If Omicron becomes a major issue, risks to India’s inflation will likely rise further
Reserve Bank of India
Despite uncertainty related to the Omicron variant’s likely impact going forward, we think sufficient progress has been achieved on the macro front for RBI to hike the reverse repo rate by 20 bps to 3.55 per cent in the December policy, while maintaining the accommodative stance. With a 20 bps hike already being fully priced in, we think RBI should use this opportunity to increase the reverse repo rate, as the action is unlikely to have any meaningful impact for markets. Or, in other words, RBI should not have a problem to take actions which are non-disruptive for markets and already well anticipated by market participants in advance.
As long as RBI’s action does not rock the boat and only plays catch up with where market rates already are at the short end, we think the central bank will not have a problem. Currently, the RBI is absorbing about Rs 7.2 trillion liquidity through VRRR at a cut-off rate of 3.98 per cent and another Rs 2.7 trillion through fixed reverse repo at 3.35 per cent. The weighted average rate of such liquidity absorption is about 3.81 per cent, indicating that a 20 bps reverse repo hike to 3.55 per cent will not have any meaningful impact. In fact, if RBI does not do anything, then it will likely come as a surprise for markets.
The US Federal Reserve is likely to increase the pace of tapering in mid-December and drop the “transitory” characterisation of inflation, despite Omicron-related risks. The new variant has increased potential downside risks to global growth, but risks to inflation will also increase due to longer-than-expected supply-side bottlenecks which could in turn adversely impact inflation expectations. While the RBI does not need to follow the Fed in toto, we think the monetary authorities in India will surely factor in the Fed’s likely normalisation pace while deciding on the future monetary policy trajectory. In this backdrop, delivering a 20 bps reverse repo rate hike, while maintaining the accommodative stance, will be the best and least disruptive form of action from RBI, in our view.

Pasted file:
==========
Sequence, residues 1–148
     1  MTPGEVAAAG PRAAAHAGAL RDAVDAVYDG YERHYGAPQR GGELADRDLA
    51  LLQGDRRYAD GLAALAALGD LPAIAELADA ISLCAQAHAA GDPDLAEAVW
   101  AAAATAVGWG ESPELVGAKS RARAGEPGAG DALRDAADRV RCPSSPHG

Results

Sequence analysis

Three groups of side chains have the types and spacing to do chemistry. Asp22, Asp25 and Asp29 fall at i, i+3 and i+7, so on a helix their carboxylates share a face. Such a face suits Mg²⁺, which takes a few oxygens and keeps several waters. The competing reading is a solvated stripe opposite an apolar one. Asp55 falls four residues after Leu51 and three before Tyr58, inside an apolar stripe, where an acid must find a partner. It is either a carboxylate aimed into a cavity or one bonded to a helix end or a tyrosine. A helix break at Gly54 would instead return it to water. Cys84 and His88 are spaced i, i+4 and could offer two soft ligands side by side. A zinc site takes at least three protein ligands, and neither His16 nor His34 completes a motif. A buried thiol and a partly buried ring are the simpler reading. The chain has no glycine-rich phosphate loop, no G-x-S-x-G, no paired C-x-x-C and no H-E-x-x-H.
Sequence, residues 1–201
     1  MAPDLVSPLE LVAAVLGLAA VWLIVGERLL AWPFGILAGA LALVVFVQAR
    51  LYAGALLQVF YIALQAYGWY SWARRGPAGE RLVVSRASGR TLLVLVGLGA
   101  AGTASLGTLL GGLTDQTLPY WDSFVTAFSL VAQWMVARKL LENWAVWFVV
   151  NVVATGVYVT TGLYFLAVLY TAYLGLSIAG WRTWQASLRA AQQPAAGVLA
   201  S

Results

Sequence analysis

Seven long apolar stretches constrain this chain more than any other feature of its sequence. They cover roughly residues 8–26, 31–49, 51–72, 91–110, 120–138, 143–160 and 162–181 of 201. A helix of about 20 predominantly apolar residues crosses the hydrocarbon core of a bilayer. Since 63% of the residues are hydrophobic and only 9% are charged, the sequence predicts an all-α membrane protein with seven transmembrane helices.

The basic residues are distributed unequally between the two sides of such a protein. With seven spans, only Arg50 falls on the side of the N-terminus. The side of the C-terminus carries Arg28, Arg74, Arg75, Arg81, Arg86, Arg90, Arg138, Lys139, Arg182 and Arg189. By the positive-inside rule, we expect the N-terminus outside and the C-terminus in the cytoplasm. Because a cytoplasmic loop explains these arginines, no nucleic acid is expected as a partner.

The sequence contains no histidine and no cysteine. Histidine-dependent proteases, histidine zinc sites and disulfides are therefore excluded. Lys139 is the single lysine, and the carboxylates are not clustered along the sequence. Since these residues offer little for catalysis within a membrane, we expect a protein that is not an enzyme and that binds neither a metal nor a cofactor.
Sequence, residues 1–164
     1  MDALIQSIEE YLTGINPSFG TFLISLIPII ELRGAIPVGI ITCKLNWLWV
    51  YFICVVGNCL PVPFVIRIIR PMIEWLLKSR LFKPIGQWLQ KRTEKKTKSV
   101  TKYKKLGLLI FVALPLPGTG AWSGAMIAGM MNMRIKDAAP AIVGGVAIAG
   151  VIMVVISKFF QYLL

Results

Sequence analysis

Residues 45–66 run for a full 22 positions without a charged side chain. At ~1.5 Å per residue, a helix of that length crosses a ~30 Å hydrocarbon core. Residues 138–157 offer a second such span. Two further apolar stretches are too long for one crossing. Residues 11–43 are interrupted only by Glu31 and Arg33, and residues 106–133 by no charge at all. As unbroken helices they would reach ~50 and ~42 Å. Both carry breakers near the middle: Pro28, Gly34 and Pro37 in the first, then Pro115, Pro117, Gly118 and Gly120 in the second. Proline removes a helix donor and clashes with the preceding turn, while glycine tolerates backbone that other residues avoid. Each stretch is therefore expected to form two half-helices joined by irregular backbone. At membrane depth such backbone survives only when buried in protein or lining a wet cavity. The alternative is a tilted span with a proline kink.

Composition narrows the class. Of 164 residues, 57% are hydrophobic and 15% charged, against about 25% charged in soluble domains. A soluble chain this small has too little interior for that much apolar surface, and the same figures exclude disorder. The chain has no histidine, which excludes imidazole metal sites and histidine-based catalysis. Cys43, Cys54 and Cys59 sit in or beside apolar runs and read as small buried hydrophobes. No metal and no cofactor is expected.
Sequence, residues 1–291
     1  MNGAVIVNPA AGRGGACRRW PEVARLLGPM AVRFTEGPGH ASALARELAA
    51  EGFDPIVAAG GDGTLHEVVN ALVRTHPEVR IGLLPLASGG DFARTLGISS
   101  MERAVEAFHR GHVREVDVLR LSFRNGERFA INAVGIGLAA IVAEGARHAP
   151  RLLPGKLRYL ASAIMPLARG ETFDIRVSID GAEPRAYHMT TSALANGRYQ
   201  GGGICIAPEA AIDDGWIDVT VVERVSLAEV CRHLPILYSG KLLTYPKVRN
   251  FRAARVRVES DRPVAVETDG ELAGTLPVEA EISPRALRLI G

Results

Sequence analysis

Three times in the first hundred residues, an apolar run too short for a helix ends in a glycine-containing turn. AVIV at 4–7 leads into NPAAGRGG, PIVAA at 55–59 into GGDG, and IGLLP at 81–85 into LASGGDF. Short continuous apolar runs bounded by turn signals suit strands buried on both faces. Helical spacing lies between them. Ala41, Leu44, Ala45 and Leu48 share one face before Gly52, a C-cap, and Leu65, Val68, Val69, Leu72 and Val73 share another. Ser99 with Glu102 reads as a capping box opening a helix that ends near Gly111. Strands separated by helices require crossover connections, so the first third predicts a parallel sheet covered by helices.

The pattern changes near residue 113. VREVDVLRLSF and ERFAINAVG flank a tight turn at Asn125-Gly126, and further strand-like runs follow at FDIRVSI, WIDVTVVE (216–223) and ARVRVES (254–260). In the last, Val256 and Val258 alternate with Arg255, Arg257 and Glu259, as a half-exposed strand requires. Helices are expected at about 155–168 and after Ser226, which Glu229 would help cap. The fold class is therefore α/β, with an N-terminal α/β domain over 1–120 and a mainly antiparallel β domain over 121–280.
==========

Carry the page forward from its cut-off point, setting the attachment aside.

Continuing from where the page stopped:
Real GDP grew 8.4 per cent yoy in July-Sep’21, 50 bps higher than the RBI’s forecast of 7.9 per cent yoy, but given the uncertainty, we expect the central bank to maintain its FY22 growth forecast of 9.5 per cent yoy. In February 2020, RBI had provided a 10.5 per cent yoy real GDP growth forecast for FY22, which was later cut by 100 bps to 9.5 per cent, to factor in the impact of the second wave. For FY23, RBI has a provisional growth forecast of 7.8 per cent yoy. If we assume that the Omicron wave will not be as deadly as what India experienced during the second wave, and therefore not requiring a nationwide lockdown as was implemented in 2020, then the downward revision to FY23 growth is unlikely to be more than 100 bps. Even if we factor in a 100 bps mark down in growth during FY23, that would bring RBI’s growth forecast to about 6.8 per cent. Close to 7 per cent growth in FY23, even after factoring in the worst of the Omicron impact, should not come in the way of a 20 bps hike in reverse repo rate at this stage, in our view.
Meanwhile, inflation risks are clearly to the upside. We expect India’s CPI inflation to average 5.0-5.5 per cent in the post Covid-19 world, 100-150 bps higher than RBI’s target of 4 per cent. If Omicron becomes a major issue, risks to India’s inflation will likely rise further. Indeed, in the upcoming policy, the RBI may decide to increase the FY22 average CPI forecast to 5.5 per cent from its current 5.3 per cent, to incorporate the larger-than-anticipated increase in October and November inflation momentum. Considering the inflation risks, the RBI should not delay the calibrated normalisation process of hiking the reverse repo rate in the upcoming policy meeting.
Views expressed by the writer are personal